I actually don’t remember anything about what I was using in the studio with John. A quick listen tells me: Electro-Harmonix POG 2, a pair of volume pedals, a ProCo RAT, an EBow, and a Line 6 DL4 delay modeler (mostly set to reverse mode). I generally set up pedals intuitively on the spot from a selection I carry around, which gets updated from time to time. Latest additions were the new, small Moog ring modulator and tremolo pedals, The Particle from Red Panda, and the EHX Freeze pedal. They’re in heavy rotation at the moment.
I also use different approaches depending on the space and the configuration. For solo concerts I generally go direct into the PA, using the pickup mounted over the headstock and creating a stereo, fully orchestral sound range, with some deep bass in it for percussive aspects. This would be overkill when I’m playing with others. If I’m in a duo, I’ll use two Fender Blues Deluxe amps. For anything more than a duo I don’t usually use the headstock pickup, and I use a single amp. It’s a question of how much sound you need to make, and how conversational you want it to be. No laptop, no plug ins, no routing. I use such things in studio and composition settings, but not for live work because I already have enough to deal with.
Which do you enjoy more: recording or playing live and why?
I feel completely at home in the studio and it’s where I love to be. But nobody likes to stay home all the time and, anyway, I like to challenge myself, meet and work with new people, find out what’s going on out there.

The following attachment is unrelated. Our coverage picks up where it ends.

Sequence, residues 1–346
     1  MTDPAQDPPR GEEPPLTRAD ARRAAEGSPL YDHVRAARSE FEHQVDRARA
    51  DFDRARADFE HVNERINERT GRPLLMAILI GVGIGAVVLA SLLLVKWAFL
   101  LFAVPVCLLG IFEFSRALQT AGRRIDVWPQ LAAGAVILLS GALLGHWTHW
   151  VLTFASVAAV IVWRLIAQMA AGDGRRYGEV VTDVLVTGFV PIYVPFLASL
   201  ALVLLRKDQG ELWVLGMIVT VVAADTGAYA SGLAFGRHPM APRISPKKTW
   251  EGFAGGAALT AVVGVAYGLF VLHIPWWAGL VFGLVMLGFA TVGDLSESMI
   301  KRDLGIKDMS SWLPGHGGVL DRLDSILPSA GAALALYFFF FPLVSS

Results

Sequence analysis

How have you built up an audience for your music?
I just keep making work and making it available as best I can. I don’t have a commercial strategy, I don’t have a manager or a publicist, and I mostly do my own administration. People who came to see us play in the 1970s eventually bring their kids, and recently I had three generations of such a family attend a concert together. Such loyalty is deeply touching, and I consider myself lucky—privileged even.
With whom would you like to collaborate and why?
I think I’ve been very fortunate in my collaborators, and hope to continue with all of them for as long as possible. Meeting and working with new people is often inspiring, for sure, but not because they’re famous or impressive, but because they’re alive to the moment and open and interested.
What is your latest project? When will it be available and where can people in different parts of the world get it?
I’ll be touring in Europe with my new trio, with Jason Hoopes (bass) and Jordan Glenn (drums) next February. That’s going to be fun, but we don’t have a record yet. On the other hand apart from this record with John Butcher, there are duos with Evan Parker, Lotte Anker, and Barry Guy in the pipeline, and a new Cosa Brava record somewhere in the future. Plus our Henry Cow et al. shows for Lindsay, which are taking up an awful lot of my time right now and will be hopefully recorded. Availability will vary, and will be down to checking the websites of Intakt, Victo, and yours truly.
I love Fred Frith. His music was incredibly important to me as a kid and in some of my earlier conceptual guitar playing. And I think this selection of videos is very rich!